9 Flowers That Bloom All Summer - Backyard Boss
We are reader supported. External links may earn us a commission.

9 Flowers That Bloom All Summer

With summer just around the corner, your backyard needs a fresh coat of bloom, and there’s no better bloom than ones that come with summer flowers or flowering shrubs that thrive under full sun! There’s something magical about flowers, but since they come with conditions and seasons, it can be hard to watch your once-blooming yard struggle to keep its beauty. Flowers not only enhance your mood, but they also spread positive energy and nature’s scent wherever they bloom.

Those who’ve had the pleasure of walking under a ylang-ylang tree or beside a bush of jasmine would agree. Many plants die from excessive heat and less rainfall when summer rolls by, which eventually discourages the avid gardener from attending to their garden. The solution, therefore, is to plant summer flowers, i.e. flowers that bloom all summer. As long as you maintain your summer flowers, they’ll survive summertime by blooming and beautifying your yard simultaneously.

9 Flowers That Bloom All Summer

1. Allium

Image credits: mana5280 via Unsplash

The allium flower is one of the most eccentric flowers you’ll see. For starters, it has shades of purple, some deeper than others. It has a shape that makes it look somewhat like a star. This flower begins to bloom around mid-June. Something cool to know is that this flower is a part of the allium family, hence the name, which includes garlic, chives, and onions. If you plan to put this eclectic plant in your garden, it’s good to know it grows best in sunny but sheltered spots. The wind could easily blow a flower like this away, and we don’t want that. Putting this flower in your garden will add some variety and spice.

The allium is edible, however; we do not recommend you consume them, especially if they’ve been sprayed with pesticides. Please get approval from your health care provider before altering your diet to include these flowers. Also note that alliums are toxic to pets.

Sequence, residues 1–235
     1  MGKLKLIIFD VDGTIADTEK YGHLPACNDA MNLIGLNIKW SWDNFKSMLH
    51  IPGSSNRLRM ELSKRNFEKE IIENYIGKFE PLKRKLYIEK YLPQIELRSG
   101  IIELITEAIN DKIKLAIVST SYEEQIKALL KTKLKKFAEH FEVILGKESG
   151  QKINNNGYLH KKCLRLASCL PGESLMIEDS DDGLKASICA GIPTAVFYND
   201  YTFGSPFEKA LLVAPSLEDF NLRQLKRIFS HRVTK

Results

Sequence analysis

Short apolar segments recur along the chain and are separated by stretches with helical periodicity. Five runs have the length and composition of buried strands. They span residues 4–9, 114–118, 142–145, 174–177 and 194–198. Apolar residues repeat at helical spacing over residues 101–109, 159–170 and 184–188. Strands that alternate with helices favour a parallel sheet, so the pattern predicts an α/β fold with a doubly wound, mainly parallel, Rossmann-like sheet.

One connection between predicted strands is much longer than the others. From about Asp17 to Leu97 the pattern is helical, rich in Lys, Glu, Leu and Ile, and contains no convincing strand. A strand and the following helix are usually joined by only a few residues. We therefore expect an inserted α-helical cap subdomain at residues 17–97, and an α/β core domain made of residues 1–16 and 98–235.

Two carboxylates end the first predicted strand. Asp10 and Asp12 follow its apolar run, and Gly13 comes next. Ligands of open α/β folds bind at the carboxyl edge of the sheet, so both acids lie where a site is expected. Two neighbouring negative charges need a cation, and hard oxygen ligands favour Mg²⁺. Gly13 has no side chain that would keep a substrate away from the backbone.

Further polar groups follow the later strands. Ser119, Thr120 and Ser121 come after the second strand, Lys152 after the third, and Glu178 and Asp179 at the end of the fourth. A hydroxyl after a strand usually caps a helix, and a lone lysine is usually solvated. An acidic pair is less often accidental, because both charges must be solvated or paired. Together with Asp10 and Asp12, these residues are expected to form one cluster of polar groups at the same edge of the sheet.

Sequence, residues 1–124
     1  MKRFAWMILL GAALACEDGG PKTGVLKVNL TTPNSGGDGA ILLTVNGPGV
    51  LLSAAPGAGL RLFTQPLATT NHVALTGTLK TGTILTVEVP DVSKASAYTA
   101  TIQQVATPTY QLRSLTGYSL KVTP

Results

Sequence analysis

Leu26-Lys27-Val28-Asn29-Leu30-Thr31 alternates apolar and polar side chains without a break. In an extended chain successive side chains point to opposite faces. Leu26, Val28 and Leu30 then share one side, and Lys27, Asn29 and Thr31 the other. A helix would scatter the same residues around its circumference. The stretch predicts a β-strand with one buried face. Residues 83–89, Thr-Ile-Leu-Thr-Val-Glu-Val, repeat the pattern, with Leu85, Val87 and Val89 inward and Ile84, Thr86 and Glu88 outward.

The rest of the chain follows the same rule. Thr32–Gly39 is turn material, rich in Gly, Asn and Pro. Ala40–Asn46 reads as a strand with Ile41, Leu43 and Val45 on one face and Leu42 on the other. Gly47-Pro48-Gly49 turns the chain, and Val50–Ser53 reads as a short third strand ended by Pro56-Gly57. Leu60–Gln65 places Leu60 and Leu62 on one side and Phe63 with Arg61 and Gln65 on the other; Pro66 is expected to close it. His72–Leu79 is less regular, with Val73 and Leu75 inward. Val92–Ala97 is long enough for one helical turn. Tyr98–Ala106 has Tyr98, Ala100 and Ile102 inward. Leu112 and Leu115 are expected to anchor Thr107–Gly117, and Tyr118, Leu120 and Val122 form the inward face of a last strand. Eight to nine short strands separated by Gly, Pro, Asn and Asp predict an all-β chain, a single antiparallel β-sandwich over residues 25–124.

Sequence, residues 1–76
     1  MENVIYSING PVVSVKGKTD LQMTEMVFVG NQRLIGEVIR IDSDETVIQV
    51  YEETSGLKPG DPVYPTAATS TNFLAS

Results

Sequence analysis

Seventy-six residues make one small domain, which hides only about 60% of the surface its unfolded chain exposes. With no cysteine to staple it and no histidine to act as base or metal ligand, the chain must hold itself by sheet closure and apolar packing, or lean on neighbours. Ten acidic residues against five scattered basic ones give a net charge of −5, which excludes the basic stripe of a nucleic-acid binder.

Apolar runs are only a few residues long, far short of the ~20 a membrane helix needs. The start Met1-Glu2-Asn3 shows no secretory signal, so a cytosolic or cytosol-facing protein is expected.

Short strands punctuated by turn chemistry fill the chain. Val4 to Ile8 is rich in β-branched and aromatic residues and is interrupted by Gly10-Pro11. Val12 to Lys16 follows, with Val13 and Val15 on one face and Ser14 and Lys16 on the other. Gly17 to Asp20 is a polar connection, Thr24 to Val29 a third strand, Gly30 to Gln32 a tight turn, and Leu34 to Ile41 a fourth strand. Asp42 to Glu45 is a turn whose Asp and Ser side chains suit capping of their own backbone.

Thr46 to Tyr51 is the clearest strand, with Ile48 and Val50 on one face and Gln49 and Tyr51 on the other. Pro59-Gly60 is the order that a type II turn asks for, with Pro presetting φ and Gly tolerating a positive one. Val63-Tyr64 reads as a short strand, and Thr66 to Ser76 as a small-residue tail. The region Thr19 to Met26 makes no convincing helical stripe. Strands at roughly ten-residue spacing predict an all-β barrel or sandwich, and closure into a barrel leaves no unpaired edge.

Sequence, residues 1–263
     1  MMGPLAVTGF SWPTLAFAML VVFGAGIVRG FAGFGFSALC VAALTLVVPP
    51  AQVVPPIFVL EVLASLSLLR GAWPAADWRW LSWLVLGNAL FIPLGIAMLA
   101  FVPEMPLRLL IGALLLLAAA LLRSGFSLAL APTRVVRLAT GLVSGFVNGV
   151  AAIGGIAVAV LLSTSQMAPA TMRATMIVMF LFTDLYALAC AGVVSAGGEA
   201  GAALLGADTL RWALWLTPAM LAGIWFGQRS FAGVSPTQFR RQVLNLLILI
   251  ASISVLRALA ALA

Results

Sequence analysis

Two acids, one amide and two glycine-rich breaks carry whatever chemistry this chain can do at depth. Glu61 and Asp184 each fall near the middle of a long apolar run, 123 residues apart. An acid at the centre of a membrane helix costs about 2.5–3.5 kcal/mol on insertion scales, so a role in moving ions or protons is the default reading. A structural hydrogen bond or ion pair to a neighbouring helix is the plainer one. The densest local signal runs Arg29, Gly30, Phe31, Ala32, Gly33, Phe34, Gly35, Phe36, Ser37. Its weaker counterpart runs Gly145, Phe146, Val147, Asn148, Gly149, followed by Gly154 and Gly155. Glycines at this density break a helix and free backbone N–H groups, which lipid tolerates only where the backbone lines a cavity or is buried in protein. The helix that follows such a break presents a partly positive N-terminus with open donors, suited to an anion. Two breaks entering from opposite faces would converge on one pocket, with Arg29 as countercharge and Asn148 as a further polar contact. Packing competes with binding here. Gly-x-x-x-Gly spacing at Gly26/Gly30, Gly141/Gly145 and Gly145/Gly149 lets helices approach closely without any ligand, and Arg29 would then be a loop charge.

2. Begonia

Image credits: HAN Mengqi via Unsplash

The begonia is one of those flowers where you may have heard its name plenty of times, but you may not have seen one. Begonias are beautiful flowers. They have the traditional flower look to them and come in various colors such as red, pink, white, and yellow. Begonias are a true summer flower as they bloom at the very beginning of summer. You’ll be happy to know begonias are an all-around flower. You can keep them in your home, greenhouse, or flower bed. A major reason behind this flower’s versatility is its lack of need for sunlight. Begonias prefer to grow in the shade.

All species of begonia are edible, except for tuberous begonia. Only tuberous begonia petals are edible. That said, tuberous begonia petals contain oxalic acid and should be consumed in moderation, but people suffering from gout, rheumatism, and kidney stones should avoid consuming begonias. However, we do not recommend you consume them without approval from your health care provider!

3. Sunflowers

a field of sunflowers
Image Credit: Jordan Cormack via Unsplash